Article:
Many have supposed that Paul is describing Christ’s twofold nature: according to his human nature he was of the seed of David but he was also the Son of God. However, the text does not support this idea. For how could Jesus’ status as the eternal Son of God change as a result of the resurrection? He has and ever will be the only Begotten of the Father, full of grace and truth. This is not what Paul is addressing.

Rather, he is describing the change that occurred in Jesus’ status as a result of the resurrection. Jesus was born of the seed of David – in other words, He had the natural right to rule as God’s King. But simply having the natural right to rule does not establish that one does in fact rule. Bonnie Prince Charlie may have had a rightful claim (de iure) to the throne of England; but a rightful claim to the throne does not make one king de facto. So Paul insists that Jesus was not only born of David’s seed – not only did He have a rightful claim to the throne of His father David – by His resurrection from the dead He was declared to be the Son of God with power, authority. In other words, in the resurrection Jesus was crowned as God’s Son, His Messianic, Davidic King. Jesus not only has a lawful claim to the throne, He is now seated upon His throne, ruling with power as King.

So what is the significance of Easter? On this day we celebrate the coronation of our King. Nearly two thousand years ago Jesus was crowned King of the Universe, the blessed and only Potentate, the King of kings and Lord of lords. All authority in heaven and on earth has been given to Him and this includes, because He has conquered death, authority over death itself. He has the keys of death and hell. He opens and no one shuts; He shuts and no one opens. So death is conquered; death is destroyed. Christ is risen and all those who trust in Him shall arise as well. We can say to death, “O death, where is your sting? O grave, where is your victory? Thanks be to God who gives us the victory in Christ Jesus our Lord!”

Is this not good news? Brethren, Christ is risen! (He is risen indeed!) Let us shout Alleluia! (Alleluia!) So give heed to the exhortation in Psalm 2, the coronation psalm of our King:

10Now therefore, be wise, O kings; Be instructed, you judges of the earth. 11Serve the Lord with fear, And rejoice with trembling. 12Kiss the Son, lest He be angry, And you perish in the way, When His wrath is kindled but a little. Blessed are all those who put their trust in Him.

And so reminded that Jesus is Lord of all and that we are to serve Him with fear and rejoice before Him with trembling, let us join together in confessing our sins against Him, our disloyalty to Him as a people. As you are able, please kneel before your King.

Humble & Lowly

March 24, 2024 in Bible - OT - Zechariah, Meditations

Zechariah 9:9-10 (NKJV)

9“Rejoice greatly, O daughter of Zion! Shout, O daughter of Jerusalem! Behold, your King is coming to you; He is just and having salvation, Lowly and riding on a donkey, A colt, the foal of a donkey. 10I will cut off the chariot from Ephraim And the horse from Jerusalem; The battle bow shall be cut off. He shall speak peace to the nations; His dominion shall be ‘from sea to sea, And from the River to the ends of the earth.’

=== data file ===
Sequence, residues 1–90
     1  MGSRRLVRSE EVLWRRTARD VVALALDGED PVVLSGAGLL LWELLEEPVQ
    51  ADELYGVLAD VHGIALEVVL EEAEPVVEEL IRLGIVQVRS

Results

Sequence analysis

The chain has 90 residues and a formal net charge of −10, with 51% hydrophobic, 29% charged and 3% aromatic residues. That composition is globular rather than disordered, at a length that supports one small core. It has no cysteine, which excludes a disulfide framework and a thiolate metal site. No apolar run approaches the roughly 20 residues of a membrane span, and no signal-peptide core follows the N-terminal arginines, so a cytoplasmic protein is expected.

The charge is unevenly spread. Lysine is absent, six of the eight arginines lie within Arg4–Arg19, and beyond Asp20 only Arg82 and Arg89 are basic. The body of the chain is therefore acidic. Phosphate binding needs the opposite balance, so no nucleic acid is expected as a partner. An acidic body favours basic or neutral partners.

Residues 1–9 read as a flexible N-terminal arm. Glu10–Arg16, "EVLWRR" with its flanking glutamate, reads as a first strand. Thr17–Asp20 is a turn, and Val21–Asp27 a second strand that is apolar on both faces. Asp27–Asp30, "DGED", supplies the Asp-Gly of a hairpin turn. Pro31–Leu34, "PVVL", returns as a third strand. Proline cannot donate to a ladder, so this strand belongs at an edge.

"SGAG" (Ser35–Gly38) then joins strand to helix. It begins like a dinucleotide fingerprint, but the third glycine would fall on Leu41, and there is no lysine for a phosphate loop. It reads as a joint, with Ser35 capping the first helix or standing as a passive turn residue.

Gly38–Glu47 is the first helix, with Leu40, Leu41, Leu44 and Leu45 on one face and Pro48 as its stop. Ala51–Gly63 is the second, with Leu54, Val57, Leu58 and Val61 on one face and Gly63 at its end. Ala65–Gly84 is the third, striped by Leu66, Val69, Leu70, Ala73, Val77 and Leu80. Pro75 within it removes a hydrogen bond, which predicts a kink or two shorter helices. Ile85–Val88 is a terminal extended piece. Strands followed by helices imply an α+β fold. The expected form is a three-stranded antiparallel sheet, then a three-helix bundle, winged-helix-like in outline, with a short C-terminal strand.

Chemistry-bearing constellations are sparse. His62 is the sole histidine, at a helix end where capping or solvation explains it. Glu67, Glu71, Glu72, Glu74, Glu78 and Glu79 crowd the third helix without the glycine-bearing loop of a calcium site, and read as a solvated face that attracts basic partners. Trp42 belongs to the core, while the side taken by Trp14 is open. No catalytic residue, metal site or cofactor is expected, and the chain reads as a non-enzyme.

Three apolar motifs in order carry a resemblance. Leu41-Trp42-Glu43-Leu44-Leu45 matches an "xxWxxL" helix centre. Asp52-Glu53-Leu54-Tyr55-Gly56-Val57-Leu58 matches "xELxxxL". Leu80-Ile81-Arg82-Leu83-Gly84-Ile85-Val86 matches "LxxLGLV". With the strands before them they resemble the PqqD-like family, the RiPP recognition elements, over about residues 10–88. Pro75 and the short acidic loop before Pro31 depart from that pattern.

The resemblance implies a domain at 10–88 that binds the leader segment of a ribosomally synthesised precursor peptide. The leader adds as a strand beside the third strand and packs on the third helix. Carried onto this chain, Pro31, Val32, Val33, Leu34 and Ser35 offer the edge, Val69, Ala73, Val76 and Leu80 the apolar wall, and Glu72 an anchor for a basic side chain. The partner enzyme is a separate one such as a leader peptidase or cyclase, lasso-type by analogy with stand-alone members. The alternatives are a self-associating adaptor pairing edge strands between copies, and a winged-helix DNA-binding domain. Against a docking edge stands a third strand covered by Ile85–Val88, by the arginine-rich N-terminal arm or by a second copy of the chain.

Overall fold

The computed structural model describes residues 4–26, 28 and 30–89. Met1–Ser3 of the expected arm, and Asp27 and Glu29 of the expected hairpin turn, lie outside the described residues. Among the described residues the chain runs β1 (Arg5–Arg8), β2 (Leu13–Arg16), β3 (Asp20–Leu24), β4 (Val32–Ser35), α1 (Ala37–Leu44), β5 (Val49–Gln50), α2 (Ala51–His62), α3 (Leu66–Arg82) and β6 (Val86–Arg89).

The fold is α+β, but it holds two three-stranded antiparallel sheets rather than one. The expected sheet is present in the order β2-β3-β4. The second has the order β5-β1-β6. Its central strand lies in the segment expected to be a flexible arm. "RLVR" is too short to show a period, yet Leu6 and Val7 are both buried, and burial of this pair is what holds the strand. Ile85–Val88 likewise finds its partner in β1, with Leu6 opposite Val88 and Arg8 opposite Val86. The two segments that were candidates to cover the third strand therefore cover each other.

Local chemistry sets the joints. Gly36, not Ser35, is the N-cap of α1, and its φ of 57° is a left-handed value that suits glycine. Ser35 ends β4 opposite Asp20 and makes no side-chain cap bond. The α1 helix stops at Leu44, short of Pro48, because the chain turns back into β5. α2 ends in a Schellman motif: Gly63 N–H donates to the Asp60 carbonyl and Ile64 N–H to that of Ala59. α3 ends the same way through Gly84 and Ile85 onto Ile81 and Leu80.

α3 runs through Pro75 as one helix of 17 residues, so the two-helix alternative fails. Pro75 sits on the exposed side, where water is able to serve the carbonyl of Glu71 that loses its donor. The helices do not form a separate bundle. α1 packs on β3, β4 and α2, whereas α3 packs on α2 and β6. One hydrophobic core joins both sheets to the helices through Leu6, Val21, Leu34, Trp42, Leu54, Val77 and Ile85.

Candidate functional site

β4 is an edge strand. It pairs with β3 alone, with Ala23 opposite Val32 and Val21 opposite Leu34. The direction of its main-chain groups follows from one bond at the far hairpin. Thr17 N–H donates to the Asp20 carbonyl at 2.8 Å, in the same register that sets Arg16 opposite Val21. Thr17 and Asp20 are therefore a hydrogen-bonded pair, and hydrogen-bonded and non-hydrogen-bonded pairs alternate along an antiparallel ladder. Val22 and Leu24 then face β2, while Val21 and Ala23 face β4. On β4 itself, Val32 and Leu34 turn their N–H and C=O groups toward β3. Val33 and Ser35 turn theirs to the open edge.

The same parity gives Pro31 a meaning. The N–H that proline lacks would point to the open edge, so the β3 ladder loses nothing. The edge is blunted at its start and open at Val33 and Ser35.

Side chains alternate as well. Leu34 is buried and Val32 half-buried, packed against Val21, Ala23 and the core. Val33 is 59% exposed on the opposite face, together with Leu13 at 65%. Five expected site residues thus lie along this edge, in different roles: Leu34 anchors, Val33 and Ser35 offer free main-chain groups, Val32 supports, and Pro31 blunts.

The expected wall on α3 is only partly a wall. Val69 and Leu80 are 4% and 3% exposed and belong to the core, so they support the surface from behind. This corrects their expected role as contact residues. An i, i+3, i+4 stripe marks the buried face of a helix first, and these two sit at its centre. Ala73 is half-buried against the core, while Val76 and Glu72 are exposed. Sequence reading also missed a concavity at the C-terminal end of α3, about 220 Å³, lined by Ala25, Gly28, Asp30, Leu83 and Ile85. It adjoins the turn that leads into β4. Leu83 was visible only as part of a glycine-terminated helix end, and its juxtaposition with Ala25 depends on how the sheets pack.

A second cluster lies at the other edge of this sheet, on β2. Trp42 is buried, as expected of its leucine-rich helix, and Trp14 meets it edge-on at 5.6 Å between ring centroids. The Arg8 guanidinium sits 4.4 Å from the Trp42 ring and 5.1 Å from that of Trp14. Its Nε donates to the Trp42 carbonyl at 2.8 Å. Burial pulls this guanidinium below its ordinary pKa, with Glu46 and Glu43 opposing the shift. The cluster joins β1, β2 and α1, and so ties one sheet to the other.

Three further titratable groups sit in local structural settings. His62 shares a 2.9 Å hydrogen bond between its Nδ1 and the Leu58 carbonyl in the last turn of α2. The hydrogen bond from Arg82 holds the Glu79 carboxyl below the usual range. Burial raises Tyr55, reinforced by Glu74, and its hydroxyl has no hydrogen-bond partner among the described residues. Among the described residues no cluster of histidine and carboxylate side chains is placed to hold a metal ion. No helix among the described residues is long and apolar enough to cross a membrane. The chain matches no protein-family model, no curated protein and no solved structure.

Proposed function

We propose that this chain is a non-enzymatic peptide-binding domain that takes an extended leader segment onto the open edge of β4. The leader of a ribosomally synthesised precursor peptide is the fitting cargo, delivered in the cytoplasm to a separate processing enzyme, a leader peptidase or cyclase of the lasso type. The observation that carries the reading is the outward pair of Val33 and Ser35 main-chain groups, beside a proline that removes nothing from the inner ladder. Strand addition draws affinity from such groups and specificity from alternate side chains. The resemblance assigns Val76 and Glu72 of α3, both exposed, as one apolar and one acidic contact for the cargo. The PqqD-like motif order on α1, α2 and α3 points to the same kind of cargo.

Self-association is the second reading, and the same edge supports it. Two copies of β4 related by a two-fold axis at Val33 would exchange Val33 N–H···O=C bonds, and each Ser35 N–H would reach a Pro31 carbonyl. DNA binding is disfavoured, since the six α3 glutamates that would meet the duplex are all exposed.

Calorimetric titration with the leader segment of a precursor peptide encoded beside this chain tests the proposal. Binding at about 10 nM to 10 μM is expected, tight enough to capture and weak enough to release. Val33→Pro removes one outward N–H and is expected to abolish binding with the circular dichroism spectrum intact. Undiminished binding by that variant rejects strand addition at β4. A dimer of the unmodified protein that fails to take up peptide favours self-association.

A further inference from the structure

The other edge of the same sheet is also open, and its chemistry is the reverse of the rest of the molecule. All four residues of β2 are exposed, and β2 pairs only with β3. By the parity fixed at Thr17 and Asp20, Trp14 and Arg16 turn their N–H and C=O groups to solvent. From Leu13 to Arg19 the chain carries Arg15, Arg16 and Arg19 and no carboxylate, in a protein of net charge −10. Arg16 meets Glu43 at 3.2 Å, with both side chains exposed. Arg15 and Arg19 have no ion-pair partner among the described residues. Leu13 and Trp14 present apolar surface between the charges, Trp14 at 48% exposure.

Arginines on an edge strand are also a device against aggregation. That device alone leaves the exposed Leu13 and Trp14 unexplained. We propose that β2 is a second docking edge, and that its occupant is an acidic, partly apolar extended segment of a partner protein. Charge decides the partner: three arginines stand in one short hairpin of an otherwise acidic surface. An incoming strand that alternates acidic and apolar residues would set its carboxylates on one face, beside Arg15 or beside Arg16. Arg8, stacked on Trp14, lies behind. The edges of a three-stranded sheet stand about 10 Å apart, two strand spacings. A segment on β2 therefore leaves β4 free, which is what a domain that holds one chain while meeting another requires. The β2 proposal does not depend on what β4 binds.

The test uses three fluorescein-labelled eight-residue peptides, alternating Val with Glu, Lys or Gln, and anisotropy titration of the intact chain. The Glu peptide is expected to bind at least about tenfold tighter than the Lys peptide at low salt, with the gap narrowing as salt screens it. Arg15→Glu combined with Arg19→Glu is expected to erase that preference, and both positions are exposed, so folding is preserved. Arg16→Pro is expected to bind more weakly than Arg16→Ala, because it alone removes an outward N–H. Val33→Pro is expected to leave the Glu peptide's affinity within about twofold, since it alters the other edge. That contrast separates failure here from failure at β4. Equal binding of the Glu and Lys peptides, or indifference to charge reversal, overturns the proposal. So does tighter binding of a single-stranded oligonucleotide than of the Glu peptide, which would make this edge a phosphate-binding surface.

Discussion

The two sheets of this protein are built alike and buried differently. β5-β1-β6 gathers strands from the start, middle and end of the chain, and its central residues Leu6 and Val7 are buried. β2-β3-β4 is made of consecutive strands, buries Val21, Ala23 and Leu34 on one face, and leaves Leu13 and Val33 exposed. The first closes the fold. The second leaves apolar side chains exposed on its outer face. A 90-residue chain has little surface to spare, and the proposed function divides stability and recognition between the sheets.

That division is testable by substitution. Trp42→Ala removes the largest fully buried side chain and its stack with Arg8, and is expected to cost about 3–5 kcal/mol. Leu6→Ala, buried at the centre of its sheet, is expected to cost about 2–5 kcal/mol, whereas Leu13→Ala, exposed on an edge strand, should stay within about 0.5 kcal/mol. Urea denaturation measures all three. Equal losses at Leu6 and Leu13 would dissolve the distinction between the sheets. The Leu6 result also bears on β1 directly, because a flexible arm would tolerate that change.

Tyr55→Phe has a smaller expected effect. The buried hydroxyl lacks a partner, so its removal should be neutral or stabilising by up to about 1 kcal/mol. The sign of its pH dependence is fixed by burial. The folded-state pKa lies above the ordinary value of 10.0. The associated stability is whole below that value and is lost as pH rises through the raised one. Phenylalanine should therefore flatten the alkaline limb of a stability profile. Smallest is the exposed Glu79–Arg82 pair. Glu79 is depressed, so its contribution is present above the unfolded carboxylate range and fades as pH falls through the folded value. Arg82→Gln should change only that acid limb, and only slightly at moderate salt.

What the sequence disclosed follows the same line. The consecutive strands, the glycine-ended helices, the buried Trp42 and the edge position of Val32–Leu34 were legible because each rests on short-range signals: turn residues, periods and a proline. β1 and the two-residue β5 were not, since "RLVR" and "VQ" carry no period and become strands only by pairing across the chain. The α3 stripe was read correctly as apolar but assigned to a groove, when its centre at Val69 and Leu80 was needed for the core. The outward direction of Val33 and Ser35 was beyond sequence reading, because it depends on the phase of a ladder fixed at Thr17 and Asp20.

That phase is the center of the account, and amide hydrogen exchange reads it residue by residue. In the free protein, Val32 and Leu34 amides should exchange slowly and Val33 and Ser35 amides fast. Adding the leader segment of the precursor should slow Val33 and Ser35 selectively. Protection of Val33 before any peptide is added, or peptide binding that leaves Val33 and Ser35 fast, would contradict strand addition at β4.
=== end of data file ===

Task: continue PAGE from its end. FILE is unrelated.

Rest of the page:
Have you ever been taught that while Jesus came as Savior in His first coming, He is waiting until His second to arrive as King? He is waiting, so it is said, to establish His kingdom on earth. If you have heard or even, like me, embraced that kind of thinking in the past or perhaps still do, then you may have a hard time understanding Palm Sunday. For Palm Sunday celebrates Jesus’ entry into Jerusalem as our King come to establish His kingdom. As Jesus entered the city, our fathers and mothers laid branches of palm upon the ground and sang psalms in order to fulfill Zechariah’s summons, “Rejoice greatly, O daughter of Zion! Shout, O daughter of Jerusalem! Behold, your King is coming to you.”

But if Jesus entered Jerusalem as King, why, some ask, didn’t He appear very kingly? Why is He lowly and riding on a donkey? Yet such questions reveal that we often allow the world rather than Jesus to define true kingship. For Jesus’ entry into Jerusalem to establish justice, to deliver His people, and to advance both the glory of God and the good of His people is the preeminent illustration of what it means to be a good king. What is it to be a good king? It is to be just and to bring salvation to your people; it is to be humble and lowly; it is to be a servant, to bring blessing and light to your people. And it was precisely this type of King that our Lord Jesus was and is. 

To our fallen nature this type of kingship can seem utterly ineffective. Among pagan nations, might makes right. Rex lex. The king is law. The king is to be served, not to serve. And the measure of his success is how many cower before him. Pagan nations extol those like Alexander the Great or Julius Caesar who push and prod and pursue their own glory. It is kings like that who accomplish great things.

But the prophet Zechariah extols the glory of our King’s rule. Our just and humble King will so rule as to destroy warfare from Israel and bring peace to all the nations of the earth, “I will cut off the chariot from Ephraim, And the horse from Jerusalem; The battle bow shall be cut off. He shall speak peace to the nations.” On the one hand, He eliminates warfare; on the other, He brings peace. And because He is a King of Peace, God promises to extend His kingdom throughout the earth, “His dominion shall be ‘from sea to sea, And from the River to the ends of the earth.’”

So what of you leaders out there – what type of kingship have you been exercising? Whether you are a husband, a father, a mother, an employer, a foreman, a manager – what type of rule have you practiced? Have you demanded, cajoled, manipulated, and wormed your way to the top? Or have you been just, looking to bless those whom God has entrusted to your care? Are you humble, considering others’ interests more important than your own? Are you living as peacemakers showing all humility in the fear of God? Are you imitating the glory of pagan kings or the glory of our Great King who entered Jerusalem this day?

Reminded that we have been unrighteous kings and queens, demanding our own way rather than imitating our great King and willingly serving others, let us confess our sin to our Lord. As you are able, let us kneel together as we do so.